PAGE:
Tip: Employers need to take every step possible to ensure their IME utilization is focused on what’s best for the injured worker. The process should be transparent and comorbidities found to contribute or cause an injury must be supported by medical findings and appropriate steps taken to resolve the claim.

Develop an IME strategy. Lingering claims with no clear resolution date are costly. A strategy that incorporates IME to better identify when to settle or how to resolve a claim can help payers set reserves and ensure employers have better data for planning. Early IME intervention sends a message to claimants and treating providers that the employer is taking the worker’s injury seriously and will be watching its progress.

Tip: Use your data and work closely with your managed care vendor to identify claims at risk of becoming costly and use an IME to address those claims.

Making the Grade
A more focused and timely use of IME is a strategy worthy of consideration by employers and carriers seeking to improve workers’ compensation programs. It often results in a better treatment protocol for the injured worker, faster and favorable resolution of a claim and stronger protection against litigation.


Archie Anderson, Senior Vice President of Specialty Services at GENEX Services, LLC, has more than 28 years of leadership experience in the workers’ compensation, employee benefits and risk management industries. His current responsibilities include the IME and the Social Security/Managed Disability business units of GENEX, and the Optis® data integration and cloud software business, which is an independent operating subsidiary of GENEX. Anderson is a graduate of Northwestern State University of Louisiana, where he earned a B.S. in Business Administration and an M.A. in Higher Education Administration and Counseling.

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In Texas the carrier may request a Designated Doctor Exam to determine;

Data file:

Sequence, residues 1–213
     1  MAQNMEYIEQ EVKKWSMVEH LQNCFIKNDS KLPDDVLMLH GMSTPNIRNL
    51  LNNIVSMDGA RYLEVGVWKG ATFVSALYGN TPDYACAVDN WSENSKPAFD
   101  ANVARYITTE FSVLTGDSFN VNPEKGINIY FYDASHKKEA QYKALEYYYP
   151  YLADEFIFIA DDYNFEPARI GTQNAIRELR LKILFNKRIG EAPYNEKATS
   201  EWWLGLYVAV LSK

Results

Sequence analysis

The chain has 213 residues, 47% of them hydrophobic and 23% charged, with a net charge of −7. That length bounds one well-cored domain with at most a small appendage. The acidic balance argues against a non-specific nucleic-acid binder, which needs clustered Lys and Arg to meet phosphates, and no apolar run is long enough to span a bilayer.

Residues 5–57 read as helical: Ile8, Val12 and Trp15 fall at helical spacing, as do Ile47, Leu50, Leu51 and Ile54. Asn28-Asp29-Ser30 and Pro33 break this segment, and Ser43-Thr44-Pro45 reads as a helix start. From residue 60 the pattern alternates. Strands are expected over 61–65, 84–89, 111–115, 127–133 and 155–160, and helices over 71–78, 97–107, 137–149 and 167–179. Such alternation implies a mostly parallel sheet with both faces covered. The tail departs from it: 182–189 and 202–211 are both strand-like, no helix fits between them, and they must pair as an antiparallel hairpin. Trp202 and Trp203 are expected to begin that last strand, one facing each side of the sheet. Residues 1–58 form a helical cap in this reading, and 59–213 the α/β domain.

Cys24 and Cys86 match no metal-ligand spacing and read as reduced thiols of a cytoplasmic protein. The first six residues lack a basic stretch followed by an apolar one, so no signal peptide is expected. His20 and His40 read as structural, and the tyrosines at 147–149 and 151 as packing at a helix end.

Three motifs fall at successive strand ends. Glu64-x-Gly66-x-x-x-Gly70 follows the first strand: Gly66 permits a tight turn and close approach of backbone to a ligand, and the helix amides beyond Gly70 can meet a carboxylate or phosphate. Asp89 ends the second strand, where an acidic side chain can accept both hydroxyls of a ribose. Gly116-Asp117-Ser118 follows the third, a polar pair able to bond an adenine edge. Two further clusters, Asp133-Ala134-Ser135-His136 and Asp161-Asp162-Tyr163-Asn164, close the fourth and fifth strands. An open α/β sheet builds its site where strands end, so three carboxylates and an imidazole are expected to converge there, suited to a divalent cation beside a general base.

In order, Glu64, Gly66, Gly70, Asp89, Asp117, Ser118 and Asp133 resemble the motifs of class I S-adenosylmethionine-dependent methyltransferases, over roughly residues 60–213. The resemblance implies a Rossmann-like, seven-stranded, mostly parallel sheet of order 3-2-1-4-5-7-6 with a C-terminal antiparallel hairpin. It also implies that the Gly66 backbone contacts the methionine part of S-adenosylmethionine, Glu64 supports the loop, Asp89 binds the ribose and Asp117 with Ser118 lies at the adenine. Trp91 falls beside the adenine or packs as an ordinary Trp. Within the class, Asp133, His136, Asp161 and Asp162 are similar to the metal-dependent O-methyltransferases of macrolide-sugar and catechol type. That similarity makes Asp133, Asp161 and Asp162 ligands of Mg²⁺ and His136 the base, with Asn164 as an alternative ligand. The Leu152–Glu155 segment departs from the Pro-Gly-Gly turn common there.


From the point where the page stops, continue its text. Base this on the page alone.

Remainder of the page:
extent of injury
disability as a direct result of the accident
whole person impairment rating and or
return to work.

If the Exam results to be in favor of the patient then the carrier and request that the Texas Department of Insurance that they approve for the carrier to send the claimant to a Required Medical Exam (R.M.E.) the exam will be conducted by a physician of the carrier’s choice.  If the RME results in the claimant’s favor the carrier will. then send medical records to a peer review doctor.

On balance the carrier is allowed to go fishing with no fish in the pool.


juan c. gonzales

2016 02 19

We are a group occmed/orthopedic practice which performs IME’s routinely. I agree with this article and its recommendations.  Matching specialty to the treating physician is a good suggestion as long as the IME physician is trained in causation analysis presuming the IME issues are related to that issue.

Gary Tipton

2016 02 21

Maryland’s system is simply and exercise in dueling doctor’s. We have many of the best doctors in the world in Maryland. Sadly, the medical fee schedules often prevent the most qualified physicians from accepting workers compensation cases. Also, many of the best providers don’t want to be involved in appellate litigation. Sadly, many of the claimant’s and defense bar have their group of go to quacks. I have always tried to find mutually agreeable physicians to do consultative exams. It speeds the process and make the case less likely to end up on appeal. The first step is to improve the fee schedules

Joel Fader

2016 02 21

Great article with several outstanding tips. Only one point that may not be entirely accurate…While specialty to specialty makes intuitive sense and is critical in Standard of Care determinations, Best Practice and causation for claims management is best determined by a specialist of the definitive specialty. For instance, for TBI, it would be the neuropsych doc. For MSK and spine conditions, it is the subspecialist surgeon. It is these definitive subspecialist who are ultimately responsible for determining a definitive diagnosis, overseeing a treatment plan on the treatment side, a be definitive in testimony.

Stan Lee, MD

2016 02 23